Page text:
The attempt by ministers to blame the loss of personal data on 25 million people on junior officials at HM Revenue & Customs (HMRC) was undermined yesterday by scathing reports on the incident by two independent inquiries.
They said the "entirely avoidable" loss of two computer discs containing child benefit records on seven million families was due to "serious institutional deficiencies" at HMRC and criticised senior management for not explaining data protection rules to junior staff.
But the Tory Opposition sought to pin responsibility on Gordon Brown, who as Chancellor forced through a merger of the Inland Revenue and Customs & Excise. Mr Brown said after the discs were lost in November that ministers could not be held responsible for "the individual actions of officials". His official spokesman said "this was ... not about a failure in the procedures as such". Alistair Darling, the Chancellor, said at the time that the decision to send the two discs to the National Audit Office, where they never arrived, was taken "at a junior level".
Parallel investigations by the Independent Police Complaints Commission (IPCC) and Keiran Poynter, the chairman of PricewaterhouseCoopers, concluded there was no evidence of malice or misconduct and blamed systemic failures at HMRC. The IPCC found "no coherent strategy" for mass data handling. Mr Poynter said data security was not a "management priority" and morale at HMRC was "low".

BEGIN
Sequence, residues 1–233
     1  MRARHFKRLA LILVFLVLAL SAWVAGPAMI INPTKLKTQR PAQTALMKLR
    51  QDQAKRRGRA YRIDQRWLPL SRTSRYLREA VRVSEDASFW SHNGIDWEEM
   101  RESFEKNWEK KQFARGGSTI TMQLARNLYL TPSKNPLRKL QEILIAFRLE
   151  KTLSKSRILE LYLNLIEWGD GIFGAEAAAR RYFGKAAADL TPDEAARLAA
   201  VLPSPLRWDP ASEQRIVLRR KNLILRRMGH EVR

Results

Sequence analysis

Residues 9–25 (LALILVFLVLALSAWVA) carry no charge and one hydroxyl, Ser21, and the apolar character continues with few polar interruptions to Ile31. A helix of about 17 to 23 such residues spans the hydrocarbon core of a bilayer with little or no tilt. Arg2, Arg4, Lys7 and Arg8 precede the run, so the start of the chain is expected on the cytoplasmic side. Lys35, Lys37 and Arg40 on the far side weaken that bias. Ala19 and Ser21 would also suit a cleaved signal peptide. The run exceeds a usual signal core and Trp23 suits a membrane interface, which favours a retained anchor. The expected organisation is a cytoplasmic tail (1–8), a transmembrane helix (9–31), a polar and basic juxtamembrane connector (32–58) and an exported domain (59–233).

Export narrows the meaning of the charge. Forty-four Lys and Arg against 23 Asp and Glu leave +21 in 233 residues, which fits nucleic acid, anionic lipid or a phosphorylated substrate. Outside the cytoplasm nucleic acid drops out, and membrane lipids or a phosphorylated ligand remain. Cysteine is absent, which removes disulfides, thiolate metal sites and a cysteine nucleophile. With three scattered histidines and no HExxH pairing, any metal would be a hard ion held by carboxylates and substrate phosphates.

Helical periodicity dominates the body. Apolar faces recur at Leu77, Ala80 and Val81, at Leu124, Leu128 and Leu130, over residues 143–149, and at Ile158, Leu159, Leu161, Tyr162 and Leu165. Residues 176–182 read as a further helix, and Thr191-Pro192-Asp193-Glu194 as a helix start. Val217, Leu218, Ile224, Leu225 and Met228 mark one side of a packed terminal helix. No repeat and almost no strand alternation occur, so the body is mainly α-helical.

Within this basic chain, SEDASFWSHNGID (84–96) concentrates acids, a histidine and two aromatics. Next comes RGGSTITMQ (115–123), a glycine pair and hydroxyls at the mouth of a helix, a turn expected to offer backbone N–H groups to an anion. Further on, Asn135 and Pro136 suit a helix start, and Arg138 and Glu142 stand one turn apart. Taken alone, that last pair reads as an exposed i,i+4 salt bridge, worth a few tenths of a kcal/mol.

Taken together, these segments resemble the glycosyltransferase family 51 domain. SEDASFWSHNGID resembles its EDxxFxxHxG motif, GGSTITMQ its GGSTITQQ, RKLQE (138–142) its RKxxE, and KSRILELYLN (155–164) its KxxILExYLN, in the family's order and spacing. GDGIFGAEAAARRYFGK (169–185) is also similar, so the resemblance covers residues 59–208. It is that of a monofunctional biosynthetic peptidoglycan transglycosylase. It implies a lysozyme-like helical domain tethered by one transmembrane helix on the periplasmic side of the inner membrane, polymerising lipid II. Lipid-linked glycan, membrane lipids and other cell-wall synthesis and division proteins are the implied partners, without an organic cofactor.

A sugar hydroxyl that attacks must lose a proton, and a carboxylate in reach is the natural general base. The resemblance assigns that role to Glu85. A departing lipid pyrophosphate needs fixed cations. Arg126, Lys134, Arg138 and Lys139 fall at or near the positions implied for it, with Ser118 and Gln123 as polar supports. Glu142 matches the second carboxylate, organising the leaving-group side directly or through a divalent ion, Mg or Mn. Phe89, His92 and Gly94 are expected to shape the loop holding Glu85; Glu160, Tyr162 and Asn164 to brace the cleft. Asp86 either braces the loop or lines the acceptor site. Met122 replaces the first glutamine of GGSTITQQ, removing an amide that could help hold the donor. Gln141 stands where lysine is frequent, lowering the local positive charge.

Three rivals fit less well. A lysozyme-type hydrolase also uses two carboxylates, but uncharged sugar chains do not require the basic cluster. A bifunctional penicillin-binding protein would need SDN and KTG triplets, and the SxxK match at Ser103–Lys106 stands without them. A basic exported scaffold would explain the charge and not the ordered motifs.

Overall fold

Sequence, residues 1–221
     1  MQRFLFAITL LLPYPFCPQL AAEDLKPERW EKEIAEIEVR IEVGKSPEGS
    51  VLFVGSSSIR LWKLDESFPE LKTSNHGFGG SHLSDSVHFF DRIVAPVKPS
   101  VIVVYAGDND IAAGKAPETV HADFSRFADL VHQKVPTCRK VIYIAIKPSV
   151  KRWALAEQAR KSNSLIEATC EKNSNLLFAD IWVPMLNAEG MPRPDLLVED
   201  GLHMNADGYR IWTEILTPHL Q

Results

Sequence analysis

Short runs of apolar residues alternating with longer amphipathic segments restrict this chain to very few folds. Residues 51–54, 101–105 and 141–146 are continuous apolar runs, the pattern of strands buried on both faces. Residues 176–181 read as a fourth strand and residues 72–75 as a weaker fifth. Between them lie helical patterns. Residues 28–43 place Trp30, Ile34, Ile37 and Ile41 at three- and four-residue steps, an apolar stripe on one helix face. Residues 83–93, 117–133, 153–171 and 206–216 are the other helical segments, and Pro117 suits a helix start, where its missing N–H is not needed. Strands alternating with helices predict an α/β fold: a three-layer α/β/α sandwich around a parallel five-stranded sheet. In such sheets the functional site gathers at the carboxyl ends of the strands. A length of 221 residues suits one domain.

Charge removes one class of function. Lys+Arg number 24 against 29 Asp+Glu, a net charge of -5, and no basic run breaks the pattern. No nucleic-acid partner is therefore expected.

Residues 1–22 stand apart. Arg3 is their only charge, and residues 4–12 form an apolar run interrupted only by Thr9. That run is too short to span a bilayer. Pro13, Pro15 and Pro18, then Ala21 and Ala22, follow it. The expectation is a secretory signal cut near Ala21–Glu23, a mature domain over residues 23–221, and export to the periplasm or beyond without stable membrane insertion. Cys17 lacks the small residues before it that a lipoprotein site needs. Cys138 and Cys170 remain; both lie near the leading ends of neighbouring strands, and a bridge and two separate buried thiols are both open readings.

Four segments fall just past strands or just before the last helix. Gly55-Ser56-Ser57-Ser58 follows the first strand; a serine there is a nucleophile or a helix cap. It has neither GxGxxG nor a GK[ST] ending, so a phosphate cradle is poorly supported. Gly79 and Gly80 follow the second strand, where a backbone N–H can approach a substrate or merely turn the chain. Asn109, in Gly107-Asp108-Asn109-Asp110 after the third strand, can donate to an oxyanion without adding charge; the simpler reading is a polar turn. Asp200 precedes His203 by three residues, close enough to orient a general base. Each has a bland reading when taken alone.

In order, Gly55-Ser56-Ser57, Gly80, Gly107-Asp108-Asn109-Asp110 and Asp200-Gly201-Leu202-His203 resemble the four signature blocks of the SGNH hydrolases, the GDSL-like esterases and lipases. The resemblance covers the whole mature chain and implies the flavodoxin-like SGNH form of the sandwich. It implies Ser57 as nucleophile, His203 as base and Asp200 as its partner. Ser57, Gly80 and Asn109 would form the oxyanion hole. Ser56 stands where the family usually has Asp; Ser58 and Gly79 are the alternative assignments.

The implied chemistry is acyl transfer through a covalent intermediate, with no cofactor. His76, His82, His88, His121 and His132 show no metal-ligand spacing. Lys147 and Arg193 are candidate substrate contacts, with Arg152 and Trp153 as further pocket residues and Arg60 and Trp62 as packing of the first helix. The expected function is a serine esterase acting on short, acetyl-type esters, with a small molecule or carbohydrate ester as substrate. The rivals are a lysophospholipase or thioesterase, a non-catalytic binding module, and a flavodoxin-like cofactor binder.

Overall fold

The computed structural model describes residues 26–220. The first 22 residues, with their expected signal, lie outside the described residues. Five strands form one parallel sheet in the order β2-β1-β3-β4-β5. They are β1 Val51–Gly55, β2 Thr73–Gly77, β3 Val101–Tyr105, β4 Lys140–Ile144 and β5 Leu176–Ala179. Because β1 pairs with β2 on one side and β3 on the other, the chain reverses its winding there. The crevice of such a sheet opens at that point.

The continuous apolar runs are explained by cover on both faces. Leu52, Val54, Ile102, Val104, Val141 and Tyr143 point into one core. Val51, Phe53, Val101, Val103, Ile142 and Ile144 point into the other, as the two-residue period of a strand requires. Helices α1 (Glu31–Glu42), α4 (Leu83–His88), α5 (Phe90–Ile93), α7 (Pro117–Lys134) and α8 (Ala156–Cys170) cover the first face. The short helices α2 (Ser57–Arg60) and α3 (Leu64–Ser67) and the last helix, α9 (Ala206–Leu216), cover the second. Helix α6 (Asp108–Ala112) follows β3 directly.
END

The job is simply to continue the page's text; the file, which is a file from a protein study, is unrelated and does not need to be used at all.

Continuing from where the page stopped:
The Treasury, meanwhile, denied the Government had ever blamed an individual official for the affair.
George Osborne, the shadow Chancellor, said Mr Brown created HMRC and did not put in place adequate management structures.
In another inquiry report, the Ministry of Defence was criticised over the theft of a laptop containing the records of 600,000 recruits.
Richard Thomas, the Information Commissioner, said he would serve enforcement notices on HMRC and the MoD over their "deplorable failures" on data security, a move which could result in criminal prosecutions unless they improve their record.